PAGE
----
_________________________
Danielle
owned by 4 dogs and 2 gliders really soon
Formerly known as K & D Exotics


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#21968 - 06/12/04 10:07 AM Re: Biting [Re: ]
Anonymous
Unregistered


I have 2 older gliders that have found a home with me. The person who first rescued them ended up allowing me to have them. I have had them since Feb. of this year. They or at least the male had been abused and neglected. The person who did the actuall rescue told me the male is a bad biter when he wants to, draws blood. The female just is untamed but not a biter.
Since I have had them in Feb. They have gotten used to my smell and the male no longer tries to attack when I feed them. I always had to do it before he woke up. Now I can at least put my hand in there if he is awake.
I also because of an autoimmune disease can not take bites, my immune system over reacts and sends me into a major flair. So Is my process working do you think? Since he no tries to attack me? She Raven still is wild. He is neutered and has no interest in sex but when she goes into heat she jumps on him and starts working on his neck as if she was the male. Otherwise she shows no aggresion except to other females.
Neither will come into my hand to sit. Should I try a next level for bonding? We are not ready for the tent yet. I do place them in a bonding pouch when they are sleeping I just wait till they crawl into the pouch from their cage pouch. I made a large pouch now that is divided so I can try and work with each seperately. Do you suggest any thing else right now?
My first girls were joeys when I got them and handtamed already so completely different.
So any advice you can offer would be great or any one else for that matter.

The technique you talk about letting them bite you until they finally stop is called learned defensless, if I remember right. The animal only learns to give up and give in, it is useless to fight to protect itself. Which is not always the best in case they ever to get free and have no way to protect themselves.
In training Service assistance dogs it is sometimes called flooding and not highly looked upon any more.
So this is another reason I will not "just let them bite and take it"

You can pm me or even e-mail me privately if you prefer. I really want to help these two to have the happiest life possible.
Thank you

Cindy
and all the critters that live here.

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#21969 - 06/12/04 10:33 AM Re: Biting [Re: ]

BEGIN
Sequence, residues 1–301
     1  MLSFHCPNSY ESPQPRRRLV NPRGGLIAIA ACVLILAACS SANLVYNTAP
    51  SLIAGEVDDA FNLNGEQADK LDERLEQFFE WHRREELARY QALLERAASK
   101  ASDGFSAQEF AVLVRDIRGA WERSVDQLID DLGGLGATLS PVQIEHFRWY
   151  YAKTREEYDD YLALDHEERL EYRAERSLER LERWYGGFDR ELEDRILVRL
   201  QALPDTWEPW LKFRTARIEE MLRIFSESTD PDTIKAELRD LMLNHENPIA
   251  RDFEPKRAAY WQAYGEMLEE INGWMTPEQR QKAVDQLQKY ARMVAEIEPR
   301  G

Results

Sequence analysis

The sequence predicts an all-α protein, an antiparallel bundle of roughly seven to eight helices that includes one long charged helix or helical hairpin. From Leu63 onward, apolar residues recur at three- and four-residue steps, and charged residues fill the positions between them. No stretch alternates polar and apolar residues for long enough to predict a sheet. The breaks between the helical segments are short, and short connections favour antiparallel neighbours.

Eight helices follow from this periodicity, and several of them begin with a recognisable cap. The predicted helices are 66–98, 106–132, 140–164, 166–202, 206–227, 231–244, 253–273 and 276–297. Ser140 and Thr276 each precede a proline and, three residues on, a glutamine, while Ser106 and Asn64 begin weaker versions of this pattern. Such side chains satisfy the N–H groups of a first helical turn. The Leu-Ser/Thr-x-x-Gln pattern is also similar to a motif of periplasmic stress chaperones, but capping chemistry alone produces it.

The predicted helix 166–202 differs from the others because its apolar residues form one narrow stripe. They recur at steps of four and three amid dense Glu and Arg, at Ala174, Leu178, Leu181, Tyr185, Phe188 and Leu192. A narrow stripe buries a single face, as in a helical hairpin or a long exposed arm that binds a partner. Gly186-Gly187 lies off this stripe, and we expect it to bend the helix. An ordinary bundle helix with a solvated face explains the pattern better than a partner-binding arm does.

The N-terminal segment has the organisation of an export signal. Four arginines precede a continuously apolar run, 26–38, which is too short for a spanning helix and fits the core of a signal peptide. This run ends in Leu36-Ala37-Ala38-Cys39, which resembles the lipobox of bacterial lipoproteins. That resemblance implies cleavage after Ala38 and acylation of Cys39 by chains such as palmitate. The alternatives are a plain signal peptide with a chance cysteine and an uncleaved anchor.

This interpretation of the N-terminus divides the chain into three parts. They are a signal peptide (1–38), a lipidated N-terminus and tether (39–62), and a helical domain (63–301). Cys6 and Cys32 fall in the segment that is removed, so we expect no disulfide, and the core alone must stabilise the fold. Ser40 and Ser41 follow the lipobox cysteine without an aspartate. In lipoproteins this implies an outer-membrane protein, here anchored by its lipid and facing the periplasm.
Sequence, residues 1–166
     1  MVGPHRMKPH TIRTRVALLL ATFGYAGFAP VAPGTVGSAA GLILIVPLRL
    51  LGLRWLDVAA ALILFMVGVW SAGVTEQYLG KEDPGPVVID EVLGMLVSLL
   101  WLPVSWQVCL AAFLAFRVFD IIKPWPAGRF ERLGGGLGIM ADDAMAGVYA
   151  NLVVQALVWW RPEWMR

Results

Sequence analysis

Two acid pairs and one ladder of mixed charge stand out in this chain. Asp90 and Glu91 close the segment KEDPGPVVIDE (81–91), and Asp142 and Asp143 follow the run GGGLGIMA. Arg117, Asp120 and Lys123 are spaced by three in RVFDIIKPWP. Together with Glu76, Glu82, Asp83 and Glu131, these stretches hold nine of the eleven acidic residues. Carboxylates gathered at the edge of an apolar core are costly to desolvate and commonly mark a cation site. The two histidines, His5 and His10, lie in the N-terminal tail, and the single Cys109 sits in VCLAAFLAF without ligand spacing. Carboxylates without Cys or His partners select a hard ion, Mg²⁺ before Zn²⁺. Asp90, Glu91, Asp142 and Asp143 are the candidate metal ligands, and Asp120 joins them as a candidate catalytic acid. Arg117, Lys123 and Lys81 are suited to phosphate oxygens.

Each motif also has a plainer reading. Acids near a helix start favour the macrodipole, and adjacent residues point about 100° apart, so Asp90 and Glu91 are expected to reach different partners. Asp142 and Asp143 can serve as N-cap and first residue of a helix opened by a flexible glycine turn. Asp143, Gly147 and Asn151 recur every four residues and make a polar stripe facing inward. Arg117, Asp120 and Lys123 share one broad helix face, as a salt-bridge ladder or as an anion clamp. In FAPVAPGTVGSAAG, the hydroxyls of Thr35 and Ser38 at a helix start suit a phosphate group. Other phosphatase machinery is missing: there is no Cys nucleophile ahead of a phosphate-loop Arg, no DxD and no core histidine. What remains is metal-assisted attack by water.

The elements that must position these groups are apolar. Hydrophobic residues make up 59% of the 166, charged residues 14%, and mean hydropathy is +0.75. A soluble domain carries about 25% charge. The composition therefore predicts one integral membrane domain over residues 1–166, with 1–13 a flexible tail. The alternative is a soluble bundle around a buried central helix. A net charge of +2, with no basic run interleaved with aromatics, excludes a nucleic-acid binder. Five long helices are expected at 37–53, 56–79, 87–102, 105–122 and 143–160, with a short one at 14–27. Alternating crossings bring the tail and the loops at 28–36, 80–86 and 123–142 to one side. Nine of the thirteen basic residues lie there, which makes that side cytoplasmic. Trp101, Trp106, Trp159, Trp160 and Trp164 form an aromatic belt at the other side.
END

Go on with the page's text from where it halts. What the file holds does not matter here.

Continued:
Critter Creations Offline
Glider Addict

Registered: 11/02/00
Posts: 3398
Loc: Rock Falls, IL, USA
You could use the Gentle bonding technique then. It sounds as if what you are doing is working. Generally a sugar glider will not just sit in your hand as they want to run and explore. There are some calm gliders out there that love to be held, but I have to say in general most like to run and explore when out of their pouches and cages. I agree with you on the biting until they stop issue. If you read my article you will see where I say they are just giving in to you and not really bonding. I also can't take the bites due to medical reasons. I have a connective tissue disorder and I don't heal as fast as normal people so I develop infections, etc.. That's why I had to develop techniques where I wouldn't get bit repeatedly. I hope the article will help you. The link is in the above post. If you have any questions after reading it or while you are using the tips let me know. <img src="/ubbthreads/images/graemlins/smile.gif" alt="" /> Keep up the good work with your gliders. I am happy to see that they are no longer really using the learned defenseless method as I don't think you really get bonded to the animal as much as they just give in to you and finally allow you to pet them. I have to say that with biting sugar gliders it does seem to work as far as getting them to stop biting and then I agree once that happens then you can begin to bond with your gliders. It does work faster as far as getting them to stop biting, but it is painful and most people can't stand to take the bite for one reason or the other. That is why it was so important to have a different method available. I would use tent time above all and that is explained in the article as well.
_________________________
Danielle
owned by 4 dogs and 2 gliders really soon
Formerly known as K & D Exotics